Two Hawaii Senate committees this week advanced a bill that would forbid employers from demanding that their employees (or potential employees) turn over the passwords to their Facebook and other social media accounts.
Hawaii is one of 32 states advancing similar bills this year, according to the National Conference of State Legislatures. House Bill 713 passed out of the Commerce and Consumer Protection and Technology and the Arts committees yesterday, and is now headed for the Judiciary committee.
Despite the bill’s advancement, some opposition remains, and there’s apparently some confusion over whether the law affects the ability to review content posted publicly, versus content that’s only available to the person in question (such as private messages).
“The passage of this bill will impede the ability for law enforcement agencies to conduct thorough and extensive background checks on prospective police officer applicants,” said the Maui Police Department in its testimony opposing HB713. “The Maui Police Department is not asking to be granted all aspects of individual personal media accounts, such as personal passwords, but to amend this bill to allow law enforcement agencies the authority to ask applicants questions regarding their association to individual social media sites and their use of usernames or other related names on these accounts.”
The Chamber of Commerce of Hawaii also expressed “serious concerns” about the bill.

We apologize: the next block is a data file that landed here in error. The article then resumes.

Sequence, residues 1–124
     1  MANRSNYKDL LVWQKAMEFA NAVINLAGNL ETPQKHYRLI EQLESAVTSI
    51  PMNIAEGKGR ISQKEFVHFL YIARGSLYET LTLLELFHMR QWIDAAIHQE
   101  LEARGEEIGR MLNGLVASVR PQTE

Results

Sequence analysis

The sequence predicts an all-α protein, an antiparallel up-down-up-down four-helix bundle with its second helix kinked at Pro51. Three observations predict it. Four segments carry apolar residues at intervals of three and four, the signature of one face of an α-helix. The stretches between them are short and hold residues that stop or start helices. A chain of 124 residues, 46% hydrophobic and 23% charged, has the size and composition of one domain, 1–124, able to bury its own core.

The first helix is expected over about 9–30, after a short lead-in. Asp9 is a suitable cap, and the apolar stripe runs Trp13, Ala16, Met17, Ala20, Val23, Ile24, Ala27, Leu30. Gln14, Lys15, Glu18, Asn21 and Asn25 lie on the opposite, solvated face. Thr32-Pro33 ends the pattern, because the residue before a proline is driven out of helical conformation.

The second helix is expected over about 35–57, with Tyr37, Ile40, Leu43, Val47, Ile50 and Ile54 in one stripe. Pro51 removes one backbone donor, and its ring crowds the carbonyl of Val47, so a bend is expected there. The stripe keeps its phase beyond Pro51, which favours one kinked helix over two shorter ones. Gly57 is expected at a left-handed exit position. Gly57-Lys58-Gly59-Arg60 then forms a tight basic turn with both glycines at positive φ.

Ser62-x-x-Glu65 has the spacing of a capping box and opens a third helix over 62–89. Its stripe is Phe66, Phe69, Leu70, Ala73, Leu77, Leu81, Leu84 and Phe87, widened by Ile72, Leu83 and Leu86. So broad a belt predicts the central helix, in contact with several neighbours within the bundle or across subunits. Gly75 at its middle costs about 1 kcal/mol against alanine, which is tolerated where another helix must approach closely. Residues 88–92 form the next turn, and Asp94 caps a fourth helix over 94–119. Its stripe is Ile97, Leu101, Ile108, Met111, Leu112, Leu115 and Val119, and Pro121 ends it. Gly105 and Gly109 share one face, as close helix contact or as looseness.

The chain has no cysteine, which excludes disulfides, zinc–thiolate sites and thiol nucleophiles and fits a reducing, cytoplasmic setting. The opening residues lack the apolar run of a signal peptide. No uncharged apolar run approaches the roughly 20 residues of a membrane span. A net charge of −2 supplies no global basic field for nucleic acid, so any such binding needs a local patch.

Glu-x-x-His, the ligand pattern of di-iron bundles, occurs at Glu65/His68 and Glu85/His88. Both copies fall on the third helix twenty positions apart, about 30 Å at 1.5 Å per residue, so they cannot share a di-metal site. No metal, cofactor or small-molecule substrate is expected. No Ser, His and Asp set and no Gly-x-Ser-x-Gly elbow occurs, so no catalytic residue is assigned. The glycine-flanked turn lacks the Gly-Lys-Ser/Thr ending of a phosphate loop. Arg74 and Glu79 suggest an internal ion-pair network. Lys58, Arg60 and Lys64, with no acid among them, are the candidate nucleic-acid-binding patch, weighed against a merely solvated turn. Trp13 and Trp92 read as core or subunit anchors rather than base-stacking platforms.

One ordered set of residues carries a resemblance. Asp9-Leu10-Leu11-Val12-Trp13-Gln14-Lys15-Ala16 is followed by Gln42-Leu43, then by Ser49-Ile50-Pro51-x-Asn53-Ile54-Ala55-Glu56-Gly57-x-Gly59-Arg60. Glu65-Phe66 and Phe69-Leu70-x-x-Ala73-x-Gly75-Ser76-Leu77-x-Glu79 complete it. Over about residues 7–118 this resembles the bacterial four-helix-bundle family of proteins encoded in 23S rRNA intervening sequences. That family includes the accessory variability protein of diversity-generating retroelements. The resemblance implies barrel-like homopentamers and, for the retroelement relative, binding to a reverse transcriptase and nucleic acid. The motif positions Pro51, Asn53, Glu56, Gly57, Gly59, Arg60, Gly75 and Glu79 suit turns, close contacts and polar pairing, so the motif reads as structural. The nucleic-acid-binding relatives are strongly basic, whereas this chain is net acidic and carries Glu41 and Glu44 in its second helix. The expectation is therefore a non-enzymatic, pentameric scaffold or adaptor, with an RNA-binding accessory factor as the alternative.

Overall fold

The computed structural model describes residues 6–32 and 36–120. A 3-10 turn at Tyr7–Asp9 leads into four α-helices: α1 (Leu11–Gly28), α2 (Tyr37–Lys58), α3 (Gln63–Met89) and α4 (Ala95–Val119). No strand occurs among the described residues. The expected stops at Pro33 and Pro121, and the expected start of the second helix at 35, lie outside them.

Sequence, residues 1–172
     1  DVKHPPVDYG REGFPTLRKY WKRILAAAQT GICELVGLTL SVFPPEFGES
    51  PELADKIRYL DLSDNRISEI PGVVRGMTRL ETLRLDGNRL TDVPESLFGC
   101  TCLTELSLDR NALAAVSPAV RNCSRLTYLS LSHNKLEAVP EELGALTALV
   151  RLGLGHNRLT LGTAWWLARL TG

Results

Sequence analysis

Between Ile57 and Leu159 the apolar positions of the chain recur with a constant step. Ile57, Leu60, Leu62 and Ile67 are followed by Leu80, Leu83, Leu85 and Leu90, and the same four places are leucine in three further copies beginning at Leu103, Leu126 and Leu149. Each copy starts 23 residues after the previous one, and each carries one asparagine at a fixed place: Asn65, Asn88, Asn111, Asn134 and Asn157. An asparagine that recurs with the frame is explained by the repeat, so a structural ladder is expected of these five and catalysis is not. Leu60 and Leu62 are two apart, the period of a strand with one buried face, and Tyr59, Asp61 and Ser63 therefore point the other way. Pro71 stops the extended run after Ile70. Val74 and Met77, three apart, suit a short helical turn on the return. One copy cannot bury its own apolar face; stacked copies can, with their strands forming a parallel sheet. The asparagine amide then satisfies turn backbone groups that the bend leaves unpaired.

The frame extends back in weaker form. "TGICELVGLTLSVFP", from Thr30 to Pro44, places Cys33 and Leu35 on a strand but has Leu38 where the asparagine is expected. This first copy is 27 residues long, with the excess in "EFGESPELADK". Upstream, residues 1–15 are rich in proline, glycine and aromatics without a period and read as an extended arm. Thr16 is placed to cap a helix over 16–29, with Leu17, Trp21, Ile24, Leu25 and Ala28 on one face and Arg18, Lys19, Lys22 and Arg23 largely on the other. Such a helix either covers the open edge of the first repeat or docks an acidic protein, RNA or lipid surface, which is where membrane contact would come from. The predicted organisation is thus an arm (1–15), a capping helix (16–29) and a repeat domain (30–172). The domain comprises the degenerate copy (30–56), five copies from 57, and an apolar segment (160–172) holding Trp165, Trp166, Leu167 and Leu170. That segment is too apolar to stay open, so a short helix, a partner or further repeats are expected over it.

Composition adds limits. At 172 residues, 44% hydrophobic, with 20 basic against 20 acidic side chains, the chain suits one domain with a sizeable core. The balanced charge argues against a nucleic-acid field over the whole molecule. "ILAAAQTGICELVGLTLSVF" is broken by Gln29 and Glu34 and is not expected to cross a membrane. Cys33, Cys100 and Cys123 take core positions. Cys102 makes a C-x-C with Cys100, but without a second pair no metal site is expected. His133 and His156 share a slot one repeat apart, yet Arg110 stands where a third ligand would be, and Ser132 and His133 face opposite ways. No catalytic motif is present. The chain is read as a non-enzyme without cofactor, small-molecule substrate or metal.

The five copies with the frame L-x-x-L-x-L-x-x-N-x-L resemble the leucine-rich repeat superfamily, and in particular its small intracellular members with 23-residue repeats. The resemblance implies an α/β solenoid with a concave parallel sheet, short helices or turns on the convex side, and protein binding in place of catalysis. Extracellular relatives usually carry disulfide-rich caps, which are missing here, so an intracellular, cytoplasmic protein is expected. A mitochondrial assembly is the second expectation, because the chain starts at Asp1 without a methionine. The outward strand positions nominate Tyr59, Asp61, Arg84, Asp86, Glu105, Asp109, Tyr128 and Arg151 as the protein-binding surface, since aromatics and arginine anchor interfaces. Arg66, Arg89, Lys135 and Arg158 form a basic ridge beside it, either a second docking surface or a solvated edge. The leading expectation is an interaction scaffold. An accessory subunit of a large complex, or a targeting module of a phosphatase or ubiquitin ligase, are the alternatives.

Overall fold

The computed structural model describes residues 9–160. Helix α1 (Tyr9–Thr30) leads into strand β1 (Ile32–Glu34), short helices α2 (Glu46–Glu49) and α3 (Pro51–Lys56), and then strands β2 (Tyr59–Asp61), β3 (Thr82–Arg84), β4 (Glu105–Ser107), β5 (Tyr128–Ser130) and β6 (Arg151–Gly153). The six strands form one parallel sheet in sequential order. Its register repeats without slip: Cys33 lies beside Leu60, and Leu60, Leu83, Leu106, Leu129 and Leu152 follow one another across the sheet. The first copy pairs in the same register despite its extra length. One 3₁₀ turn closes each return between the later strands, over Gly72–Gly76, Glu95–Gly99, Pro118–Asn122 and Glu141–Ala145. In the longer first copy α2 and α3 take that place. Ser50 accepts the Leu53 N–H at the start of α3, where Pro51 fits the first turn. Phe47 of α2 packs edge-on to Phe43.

“We understand that several high profile cases that happened on the mainland brought this issue forward, however, we do not believe that this is a prevalent problem in Hawaii,” the Chamber said. “We appreciate the intent of the bill but we believe that it needs more discussion before moving forward.”
But there’s no confusion as far as the ACLU of Hawaii is concerned.
“This law is necessary because the privacy line should be clear: any communications not intended to be viewable by the general public are out of bounds for all employers, including law enforcement,” the civil rights group said. “Private activities that would never be intruded upon offline should not receive less privacy protection simply because they take place online.”
The Hawaii Civil Rights Commission suggested amendments that would keep the bill out of its specific jurisdiction. But it also points out that other laws override the issue over whether passwords are provided or not.
“Of course, under current law if an employer uses access to social media, whether authorized by an applicant/employee or not, to screen out or discriminate on the basis of race, sex, sexual orientation, age, religion, ancestry, or any other protected basis, that would be a prohibited practice,” the commission testified.